Most People Want Less Plastic Cutlery When they Eat Out – New Study
Stories of pollution-gray skies turning clear blue and wildlife roaming our streets offered a glimmer of hope at the start of the Covid-19 pandemic. Among all this tragedy, at least the environment was catching a break. But with millions under lockdown and trashcans overflowing with Amazon boxes and takeout cartons, has the crisis changed our attitudes towards sustainable shopping?
Hygiene concerns in particular have led to a return to a throwaway lifestyle – it seems like every street corner is littered with disposable surgical masks and gloves. The good news is that 82% of people actually want to see less single-use plastic cutlery used in restaurants, cafés and bars in response to the pandemic. This is according to a recent ReThink study that looks at the impact of Covid-19 on consumer behavior.
Country differences – Brits most likely to want more plastic
The study, which surveyed 4,000 people across four European countries, found that 88% of Germans, 83% of Norwegians, 78% of the French, and 73% of Brits want to see less single-use plastic tableware in response to the pandemic. However, some respondents wanted to see more. In fact, British consumers (16%) were over three times as likely to want more throwaway plastic in eateries than their German counterparts (5%), with Norway (9%) and France (12%) in the middle.
The UK may be more inclined towards disposables, as it has been harder hit by the pandemic than Germany, heightening safety concerns among British consumers. Or perhaps Germans are more used to sustainable consumer behaviors – Germany has the highest recycling rates in Europe and recently banned single-use plastic shopping bags. A closer look at the regional breakdown reveals that more people in North Germany (76%) want to see less disposable tableware than people in the South (64%).
Men and older people want less single-use plastic
Whatever the reason behind UK attitudes to single-use plastic, it is interesting to note that in general (i.e. not in relation to the pandemic) more British men (55%) want to see less disposable tableware than British women (46%). This trend can be seen across the averages of the four countries, with 55% of men wanting to see less of such plastic compared to 52% of women.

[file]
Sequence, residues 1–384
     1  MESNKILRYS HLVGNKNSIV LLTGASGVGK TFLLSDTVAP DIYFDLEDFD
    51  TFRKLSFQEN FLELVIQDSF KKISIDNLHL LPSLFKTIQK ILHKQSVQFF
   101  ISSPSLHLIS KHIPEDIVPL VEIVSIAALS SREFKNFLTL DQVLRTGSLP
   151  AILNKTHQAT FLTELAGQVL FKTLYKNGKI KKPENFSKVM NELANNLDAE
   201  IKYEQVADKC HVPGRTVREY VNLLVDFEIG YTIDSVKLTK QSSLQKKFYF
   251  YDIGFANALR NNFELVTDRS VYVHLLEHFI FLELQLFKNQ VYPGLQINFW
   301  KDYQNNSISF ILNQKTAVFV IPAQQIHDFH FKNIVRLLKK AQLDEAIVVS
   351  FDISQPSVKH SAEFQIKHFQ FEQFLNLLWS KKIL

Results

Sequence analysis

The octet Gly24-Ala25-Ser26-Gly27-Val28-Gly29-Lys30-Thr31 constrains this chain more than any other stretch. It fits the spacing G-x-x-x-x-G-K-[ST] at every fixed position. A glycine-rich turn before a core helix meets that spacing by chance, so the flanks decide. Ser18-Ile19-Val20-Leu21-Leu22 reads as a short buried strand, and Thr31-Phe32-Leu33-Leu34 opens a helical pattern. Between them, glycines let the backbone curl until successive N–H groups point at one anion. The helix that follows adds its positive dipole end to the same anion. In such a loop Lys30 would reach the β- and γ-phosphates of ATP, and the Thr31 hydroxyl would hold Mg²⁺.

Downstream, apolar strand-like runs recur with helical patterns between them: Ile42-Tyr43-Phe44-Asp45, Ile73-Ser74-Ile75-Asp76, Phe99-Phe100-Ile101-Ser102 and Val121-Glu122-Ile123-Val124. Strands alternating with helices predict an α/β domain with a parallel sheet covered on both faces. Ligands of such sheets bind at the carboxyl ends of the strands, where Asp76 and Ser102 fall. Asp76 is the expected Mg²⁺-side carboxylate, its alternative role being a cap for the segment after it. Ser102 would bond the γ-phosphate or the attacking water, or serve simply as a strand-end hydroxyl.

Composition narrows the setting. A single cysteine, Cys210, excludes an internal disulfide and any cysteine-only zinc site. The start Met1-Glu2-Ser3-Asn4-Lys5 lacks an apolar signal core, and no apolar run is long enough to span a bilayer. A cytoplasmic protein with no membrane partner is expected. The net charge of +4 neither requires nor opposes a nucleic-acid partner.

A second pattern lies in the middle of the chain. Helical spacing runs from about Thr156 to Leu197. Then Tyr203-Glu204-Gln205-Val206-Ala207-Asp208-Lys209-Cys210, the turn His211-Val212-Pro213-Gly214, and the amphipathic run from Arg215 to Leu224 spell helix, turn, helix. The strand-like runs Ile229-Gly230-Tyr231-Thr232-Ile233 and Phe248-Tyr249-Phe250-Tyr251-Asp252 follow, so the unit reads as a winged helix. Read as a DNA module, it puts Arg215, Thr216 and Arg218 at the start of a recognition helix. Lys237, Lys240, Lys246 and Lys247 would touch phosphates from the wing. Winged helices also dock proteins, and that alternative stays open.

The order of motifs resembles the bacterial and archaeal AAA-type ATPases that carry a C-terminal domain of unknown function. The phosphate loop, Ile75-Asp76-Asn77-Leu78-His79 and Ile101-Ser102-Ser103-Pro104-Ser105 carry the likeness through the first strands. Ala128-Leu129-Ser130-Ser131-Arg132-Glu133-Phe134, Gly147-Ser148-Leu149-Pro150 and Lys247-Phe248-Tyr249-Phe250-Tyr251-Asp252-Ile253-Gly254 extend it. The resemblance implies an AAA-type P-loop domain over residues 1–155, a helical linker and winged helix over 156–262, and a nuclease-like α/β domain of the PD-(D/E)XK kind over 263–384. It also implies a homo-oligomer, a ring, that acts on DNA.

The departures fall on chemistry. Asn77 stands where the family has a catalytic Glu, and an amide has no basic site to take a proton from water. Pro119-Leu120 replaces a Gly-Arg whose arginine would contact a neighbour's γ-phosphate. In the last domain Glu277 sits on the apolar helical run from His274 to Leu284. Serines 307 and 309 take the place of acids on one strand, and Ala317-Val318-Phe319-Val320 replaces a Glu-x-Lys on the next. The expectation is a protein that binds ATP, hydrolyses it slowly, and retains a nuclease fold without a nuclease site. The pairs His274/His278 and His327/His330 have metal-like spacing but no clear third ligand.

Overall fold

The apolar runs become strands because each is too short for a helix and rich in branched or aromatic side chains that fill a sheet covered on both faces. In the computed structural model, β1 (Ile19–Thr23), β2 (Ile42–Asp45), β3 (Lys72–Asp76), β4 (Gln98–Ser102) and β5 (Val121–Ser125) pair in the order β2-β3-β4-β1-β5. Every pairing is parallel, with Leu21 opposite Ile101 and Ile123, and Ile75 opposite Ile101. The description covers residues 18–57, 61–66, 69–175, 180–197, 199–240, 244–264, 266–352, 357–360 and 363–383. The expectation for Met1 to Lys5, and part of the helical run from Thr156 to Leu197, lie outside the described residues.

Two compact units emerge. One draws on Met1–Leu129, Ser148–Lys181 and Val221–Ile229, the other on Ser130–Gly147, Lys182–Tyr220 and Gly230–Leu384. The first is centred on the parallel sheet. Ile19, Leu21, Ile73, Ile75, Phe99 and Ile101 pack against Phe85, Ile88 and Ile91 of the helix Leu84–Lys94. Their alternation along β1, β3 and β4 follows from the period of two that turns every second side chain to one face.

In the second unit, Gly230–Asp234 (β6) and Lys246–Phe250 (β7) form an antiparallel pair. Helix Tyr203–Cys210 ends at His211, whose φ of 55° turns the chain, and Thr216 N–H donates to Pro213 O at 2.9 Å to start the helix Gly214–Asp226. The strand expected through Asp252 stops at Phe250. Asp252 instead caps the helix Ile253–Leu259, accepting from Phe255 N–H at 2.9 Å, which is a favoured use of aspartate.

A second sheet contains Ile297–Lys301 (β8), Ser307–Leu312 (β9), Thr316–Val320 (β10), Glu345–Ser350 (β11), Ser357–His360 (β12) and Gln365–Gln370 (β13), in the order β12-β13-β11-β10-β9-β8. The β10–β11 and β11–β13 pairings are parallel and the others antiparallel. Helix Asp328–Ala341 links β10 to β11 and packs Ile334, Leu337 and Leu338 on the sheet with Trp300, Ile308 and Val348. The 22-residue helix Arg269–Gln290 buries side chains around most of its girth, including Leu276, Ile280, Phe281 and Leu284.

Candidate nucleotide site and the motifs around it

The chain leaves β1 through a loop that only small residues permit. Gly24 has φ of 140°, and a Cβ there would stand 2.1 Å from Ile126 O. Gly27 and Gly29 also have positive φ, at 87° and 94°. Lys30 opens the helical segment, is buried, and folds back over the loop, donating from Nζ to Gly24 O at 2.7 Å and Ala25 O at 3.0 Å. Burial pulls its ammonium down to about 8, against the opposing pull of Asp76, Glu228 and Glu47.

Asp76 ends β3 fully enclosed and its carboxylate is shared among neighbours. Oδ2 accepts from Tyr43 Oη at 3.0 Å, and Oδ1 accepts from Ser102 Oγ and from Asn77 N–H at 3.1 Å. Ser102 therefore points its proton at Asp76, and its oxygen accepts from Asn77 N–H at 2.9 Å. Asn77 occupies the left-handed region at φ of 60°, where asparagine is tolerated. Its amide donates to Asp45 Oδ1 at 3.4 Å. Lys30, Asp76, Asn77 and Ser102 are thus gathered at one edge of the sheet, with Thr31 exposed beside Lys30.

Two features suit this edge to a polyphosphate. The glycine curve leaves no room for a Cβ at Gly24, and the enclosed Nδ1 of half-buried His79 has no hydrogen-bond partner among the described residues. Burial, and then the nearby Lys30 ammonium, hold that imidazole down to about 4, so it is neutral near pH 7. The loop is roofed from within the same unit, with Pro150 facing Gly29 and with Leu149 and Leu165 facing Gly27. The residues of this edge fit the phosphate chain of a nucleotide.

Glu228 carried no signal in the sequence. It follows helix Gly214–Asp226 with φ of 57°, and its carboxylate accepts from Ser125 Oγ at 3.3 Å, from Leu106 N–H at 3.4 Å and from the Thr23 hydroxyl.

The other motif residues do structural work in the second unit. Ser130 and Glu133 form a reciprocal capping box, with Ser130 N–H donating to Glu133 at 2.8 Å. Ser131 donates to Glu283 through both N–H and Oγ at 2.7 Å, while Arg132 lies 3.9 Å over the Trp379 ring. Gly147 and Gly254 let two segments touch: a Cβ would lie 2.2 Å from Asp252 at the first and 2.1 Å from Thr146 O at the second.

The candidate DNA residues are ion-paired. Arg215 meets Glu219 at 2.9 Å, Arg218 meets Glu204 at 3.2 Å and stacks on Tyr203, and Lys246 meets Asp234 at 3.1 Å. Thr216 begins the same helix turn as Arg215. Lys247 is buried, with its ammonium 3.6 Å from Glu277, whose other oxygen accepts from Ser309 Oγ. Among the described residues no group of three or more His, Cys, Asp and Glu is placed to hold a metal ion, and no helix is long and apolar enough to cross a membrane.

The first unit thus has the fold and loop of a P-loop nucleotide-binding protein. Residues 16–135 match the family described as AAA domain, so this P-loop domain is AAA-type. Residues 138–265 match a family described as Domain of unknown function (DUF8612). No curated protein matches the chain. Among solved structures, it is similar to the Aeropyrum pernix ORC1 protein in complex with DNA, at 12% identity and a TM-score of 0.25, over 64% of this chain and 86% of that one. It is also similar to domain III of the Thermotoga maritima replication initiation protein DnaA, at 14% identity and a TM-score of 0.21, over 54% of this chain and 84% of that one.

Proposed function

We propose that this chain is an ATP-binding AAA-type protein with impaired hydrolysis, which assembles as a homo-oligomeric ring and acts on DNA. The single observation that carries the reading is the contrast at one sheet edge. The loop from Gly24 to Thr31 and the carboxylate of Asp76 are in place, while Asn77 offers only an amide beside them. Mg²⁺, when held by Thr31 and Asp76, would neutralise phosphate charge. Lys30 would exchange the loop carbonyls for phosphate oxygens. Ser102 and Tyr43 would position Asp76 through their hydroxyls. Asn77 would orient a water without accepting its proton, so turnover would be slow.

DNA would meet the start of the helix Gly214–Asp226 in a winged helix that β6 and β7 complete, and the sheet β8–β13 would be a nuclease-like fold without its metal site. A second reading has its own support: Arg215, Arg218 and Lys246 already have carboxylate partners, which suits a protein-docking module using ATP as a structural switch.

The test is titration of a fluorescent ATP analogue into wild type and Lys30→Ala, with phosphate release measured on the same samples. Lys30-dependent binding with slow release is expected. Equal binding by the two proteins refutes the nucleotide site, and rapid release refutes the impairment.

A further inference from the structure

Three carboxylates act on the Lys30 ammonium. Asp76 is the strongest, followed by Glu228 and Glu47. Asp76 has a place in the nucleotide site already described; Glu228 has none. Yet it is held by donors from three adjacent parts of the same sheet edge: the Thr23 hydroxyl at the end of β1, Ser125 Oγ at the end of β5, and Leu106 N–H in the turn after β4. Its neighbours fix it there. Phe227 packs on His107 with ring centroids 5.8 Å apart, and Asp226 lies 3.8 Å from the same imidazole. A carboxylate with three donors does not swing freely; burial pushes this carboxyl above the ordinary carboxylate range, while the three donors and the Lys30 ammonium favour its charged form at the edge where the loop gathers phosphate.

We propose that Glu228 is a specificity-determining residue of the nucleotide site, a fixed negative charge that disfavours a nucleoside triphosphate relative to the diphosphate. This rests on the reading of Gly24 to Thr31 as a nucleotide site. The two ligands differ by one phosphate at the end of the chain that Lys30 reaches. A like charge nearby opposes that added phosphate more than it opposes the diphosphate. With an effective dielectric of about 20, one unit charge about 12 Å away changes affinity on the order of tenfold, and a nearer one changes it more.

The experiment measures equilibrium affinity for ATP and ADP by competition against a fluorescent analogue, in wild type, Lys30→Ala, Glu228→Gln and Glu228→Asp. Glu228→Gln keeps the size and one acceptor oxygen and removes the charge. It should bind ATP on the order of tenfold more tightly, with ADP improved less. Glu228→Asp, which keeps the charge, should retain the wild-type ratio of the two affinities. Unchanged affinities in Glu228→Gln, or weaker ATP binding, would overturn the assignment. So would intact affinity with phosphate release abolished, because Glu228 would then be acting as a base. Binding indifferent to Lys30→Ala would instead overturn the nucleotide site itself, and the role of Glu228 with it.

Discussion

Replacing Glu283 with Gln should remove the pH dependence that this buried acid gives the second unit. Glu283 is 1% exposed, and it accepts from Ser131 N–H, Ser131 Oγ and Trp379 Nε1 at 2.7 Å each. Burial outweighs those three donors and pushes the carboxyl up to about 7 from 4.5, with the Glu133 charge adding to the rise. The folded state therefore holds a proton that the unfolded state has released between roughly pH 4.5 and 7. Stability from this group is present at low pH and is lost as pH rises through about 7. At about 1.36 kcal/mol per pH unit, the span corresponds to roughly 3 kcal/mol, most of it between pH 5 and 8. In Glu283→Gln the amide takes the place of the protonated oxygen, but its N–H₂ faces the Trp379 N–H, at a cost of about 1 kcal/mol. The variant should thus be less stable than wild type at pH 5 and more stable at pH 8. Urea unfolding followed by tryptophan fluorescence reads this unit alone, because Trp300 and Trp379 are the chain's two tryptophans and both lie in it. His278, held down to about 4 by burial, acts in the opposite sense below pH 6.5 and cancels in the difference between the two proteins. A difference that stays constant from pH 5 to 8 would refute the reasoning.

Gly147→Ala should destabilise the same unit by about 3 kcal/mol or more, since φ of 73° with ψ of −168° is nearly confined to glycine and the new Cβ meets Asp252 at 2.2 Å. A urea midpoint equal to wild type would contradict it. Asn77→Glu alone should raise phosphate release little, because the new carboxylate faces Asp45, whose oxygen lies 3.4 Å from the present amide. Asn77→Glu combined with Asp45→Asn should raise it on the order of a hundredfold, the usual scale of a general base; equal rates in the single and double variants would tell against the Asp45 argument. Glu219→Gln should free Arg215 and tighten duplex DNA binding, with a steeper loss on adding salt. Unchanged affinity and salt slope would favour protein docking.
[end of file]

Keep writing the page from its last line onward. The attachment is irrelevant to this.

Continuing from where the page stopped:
Perhaps surprisingly (considering the increased health risks to older people from Covid-19), 60+ respondents were eight percentage points more likely to reject single-use plastic cutlery (85%) due to Covid-19 than people aged 18-29 (78%). In fact, this younger group is twice as likely (14%) to want to see more single-use plastic knives and forks when they eat out than people over 60 (7%).
Education affects attitudes towards single-use plastic
In terms of education, it seems the longer you stay in school, the less likely you are to approve of single-use plastic. 84% of people with a high level of education wanted to see less disposable tableware in restaurants compared to 77% of people with a low level of education. This may hint at education being the key to changing consumer attitudes towards sustainable consumption. For a more detailed look at the effect of education levels on consumer attitudes in France, check out the diagram below.
Sustainability still a priority for Europeans, despite pandemic
Irrespective of the pandemic, 66% of Germans, 46% Norwegians, 52% of the French, and 51% of Brits want to see less disposable tableware, and 85% of people across these four countries think it´s time we rethink of how we handle disposable packaging. This is important now more than ever, as the trend towards home delivery accelerates due to the pandemic.
Despite increased safety and hygiene concerns, the coronavirus has only had a small effect on the desire to see more disposable plastic in bars and restaurants. In fact, the vast majority want to see less. As we adjust to the new normal, we can find safe ways to eat and drink in public spaces without relying on single-use plastic. If the pandemic has taught us anything, it is that radical overnight change to consumer behavior is possible. This gives us hope that when called upon, we are able to act.
What about you – has the pandemic changed your opinion of single-use plastic in restaurants? Let us know in the comments below!